Fatigue is a feeling of being extremely tired, weak and generally feeling very exhausted. Fatigue does not have to be physical feelings of tiredness; it can also be experienced mentally or as a combination of both physical and mental. We all have experienced a sleepless night and some point in our lives and trying to function the next day feels like climbing Mount Everest. Every little task feels so much harder when we are tired, and this is also true for fatigue. When someone is experiencing fatigue, they may not be able to function at their best and this will impact on their day-to-day tasks 

Fatigue Symptoms

Symptoms of fatigue can vary from person to person, and the severity of symptoms can fluctuate from day to day. Signs and symptoms may include:

  • Fatigue
  • Problems with memory or concentration
  • Unexplained muscle or joint pain
  • Dizziness that worsens with moving from lying down or sitting to standing
  • Sleep that isn’t refreshing
  • Extreme exhaustion after physical or mental exercise

(White, 2004).

Fatigue Causes

There are multiple physical and psychological causes of fatigue, however, some common triggers include:

  • Underlying medical conditions such as kidney disease, diabetes, thyroid issues, hormonal imbalances, anaemia, heart disease, problems with the immune system, or pneumonia.
  • Infections, including viral infections 
  • Vitamin deficiency
  • Sleep disorders
  • Chronic pain
  • Pregnancy
  • Chronic fatigue syndrome
  • Mental health issues including stress, anxiety or depression
  • Medications such as statins, antihistamines, and sedatives
  • Treatments such as chemotherapy

(White, 2004).

Working with a therapist can help individuals discover and treat the cause of their fatigue.

What are the Differences Between Fatigue and Just Being Tired?

Feeling tired from time to time, is a normal part of life and usually short lived such as fatigue due to lack of sleep the night before. However, persistent and constant fatigue can become extremely problematic. Extreme fatigue can actually be very dangerous because individuals’ level of alertness are significantly impaired and this effects one’s ability to perform a verity of task, such as driving a car, operating machinery and making big decision (Harvey & Wessely, 2009). When fatigue lasts for months with no apparent cause, it becomes chronic fatigue syndrome (CFS), which is its own condition.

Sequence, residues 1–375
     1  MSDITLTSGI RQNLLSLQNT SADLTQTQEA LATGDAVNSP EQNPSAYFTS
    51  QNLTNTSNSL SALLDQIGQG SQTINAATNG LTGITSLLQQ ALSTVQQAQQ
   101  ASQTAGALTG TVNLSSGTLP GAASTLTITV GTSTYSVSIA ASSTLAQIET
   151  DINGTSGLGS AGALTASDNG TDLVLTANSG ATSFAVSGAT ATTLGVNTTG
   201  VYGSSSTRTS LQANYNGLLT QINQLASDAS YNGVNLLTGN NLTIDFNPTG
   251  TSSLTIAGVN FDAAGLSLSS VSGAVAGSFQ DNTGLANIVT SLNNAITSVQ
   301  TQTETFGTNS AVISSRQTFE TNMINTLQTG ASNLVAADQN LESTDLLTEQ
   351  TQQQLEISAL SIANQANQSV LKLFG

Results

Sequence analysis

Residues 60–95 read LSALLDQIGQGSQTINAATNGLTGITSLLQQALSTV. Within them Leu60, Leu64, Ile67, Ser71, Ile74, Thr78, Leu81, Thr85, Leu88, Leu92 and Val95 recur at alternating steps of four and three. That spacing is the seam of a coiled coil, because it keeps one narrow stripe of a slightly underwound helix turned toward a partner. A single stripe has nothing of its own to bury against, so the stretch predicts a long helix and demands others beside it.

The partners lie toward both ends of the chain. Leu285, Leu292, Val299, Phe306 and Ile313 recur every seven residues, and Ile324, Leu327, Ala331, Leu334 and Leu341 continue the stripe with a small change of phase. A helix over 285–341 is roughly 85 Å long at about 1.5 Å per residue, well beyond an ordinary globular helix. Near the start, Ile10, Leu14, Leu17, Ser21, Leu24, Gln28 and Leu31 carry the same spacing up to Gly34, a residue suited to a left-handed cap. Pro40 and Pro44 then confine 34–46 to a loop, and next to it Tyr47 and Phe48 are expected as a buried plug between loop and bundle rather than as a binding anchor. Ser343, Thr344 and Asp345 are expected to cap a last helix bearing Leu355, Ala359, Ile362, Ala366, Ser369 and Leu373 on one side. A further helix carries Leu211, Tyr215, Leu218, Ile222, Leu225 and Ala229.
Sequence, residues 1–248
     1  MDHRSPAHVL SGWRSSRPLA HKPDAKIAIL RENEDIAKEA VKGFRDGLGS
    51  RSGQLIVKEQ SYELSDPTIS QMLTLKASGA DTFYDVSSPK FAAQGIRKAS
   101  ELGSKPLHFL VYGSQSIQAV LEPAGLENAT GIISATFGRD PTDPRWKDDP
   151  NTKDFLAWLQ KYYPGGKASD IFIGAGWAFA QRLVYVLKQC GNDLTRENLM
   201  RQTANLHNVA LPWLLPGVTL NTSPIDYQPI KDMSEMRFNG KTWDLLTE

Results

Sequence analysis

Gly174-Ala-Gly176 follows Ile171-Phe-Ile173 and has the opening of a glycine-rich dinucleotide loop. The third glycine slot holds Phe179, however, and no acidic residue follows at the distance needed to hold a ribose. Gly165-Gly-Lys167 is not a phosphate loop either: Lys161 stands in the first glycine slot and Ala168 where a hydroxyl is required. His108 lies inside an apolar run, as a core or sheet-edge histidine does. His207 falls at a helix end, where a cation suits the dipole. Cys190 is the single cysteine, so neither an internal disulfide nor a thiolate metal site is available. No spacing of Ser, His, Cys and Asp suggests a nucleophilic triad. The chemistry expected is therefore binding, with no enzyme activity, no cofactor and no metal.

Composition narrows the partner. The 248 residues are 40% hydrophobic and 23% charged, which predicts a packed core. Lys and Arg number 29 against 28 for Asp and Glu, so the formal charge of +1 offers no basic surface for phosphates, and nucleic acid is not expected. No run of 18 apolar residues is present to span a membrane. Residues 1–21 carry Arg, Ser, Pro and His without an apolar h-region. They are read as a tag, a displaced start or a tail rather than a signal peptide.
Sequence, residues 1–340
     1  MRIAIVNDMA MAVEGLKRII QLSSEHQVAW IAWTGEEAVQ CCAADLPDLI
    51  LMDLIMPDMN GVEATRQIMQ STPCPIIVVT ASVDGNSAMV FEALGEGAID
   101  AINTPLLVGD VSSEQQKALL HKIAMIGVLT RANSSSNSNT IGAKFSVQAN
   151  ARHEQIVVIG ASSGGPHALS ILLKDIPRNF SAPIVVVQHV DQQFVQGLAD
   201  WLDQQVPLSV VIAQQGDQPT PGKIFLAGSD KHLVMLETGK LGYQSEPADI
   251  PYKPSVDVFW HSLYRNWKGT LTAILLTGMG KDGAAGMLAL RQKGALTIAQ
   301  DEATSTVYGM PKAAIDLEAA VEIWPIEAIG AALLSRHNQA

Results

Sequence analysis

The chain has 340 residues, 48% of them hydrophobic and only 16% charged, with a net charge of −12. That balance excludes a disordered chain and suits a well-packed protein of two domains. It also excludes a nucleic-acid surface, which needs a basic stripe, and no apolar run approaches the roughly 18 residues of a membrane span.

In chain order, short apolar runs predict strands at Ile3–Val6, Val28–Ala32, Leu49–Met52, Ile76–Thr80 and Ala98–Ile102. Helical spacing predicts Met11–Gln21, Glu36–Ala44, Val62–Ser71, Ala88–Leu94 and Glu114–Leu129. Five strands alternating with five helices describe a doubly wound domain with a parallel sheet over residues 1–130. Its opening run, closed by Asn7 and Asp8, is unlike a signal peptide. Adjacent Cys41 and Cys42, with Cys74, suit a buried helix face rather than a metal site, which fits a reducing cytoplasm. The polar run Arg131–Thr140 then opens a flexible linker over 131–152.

Individuals who experience chronic fatigue may experience several of the symptoms listed above such and have difficulty engaging in strenuous physical tasks or have muscle weakness. Chronic fatigue can make it difficult for people to complete simple day to day tasks or concentrate on one thing. As a result, they may find it harder to get through the day or productivity at work or in school significantly decreases. Tasks like preparing meals, maintaining personal hygiene, and social engagement may start to feel like extreme effort and their mental health can deteriorate (White, 2004).

If you think that you can benefit from professional support on this issue you can reach out here.

Stef Gafa’ is a counsellor with Willingness who has a particular interest in trauma, attachment, domestic violence and the LGBT community.


Brurberg, K. G., Fønhus, M. S., Larun, L., Flottorp, S., & Malterud, K. (2014). Case definitions for chronic fatigue syndrome/myalgic encephalomyelitis (CFS/ME): a systematic review. BMJ open4(2), e003973.

Harvey, S. B., & Wessely, S. (2009). Chronic fatigue syndrome: identifying zebras amongst the horses. BMC medicine7(1), 1-4.

White, P. D. (2004). What causes chronic fatigue syndrome?. BMJ,  329- 928.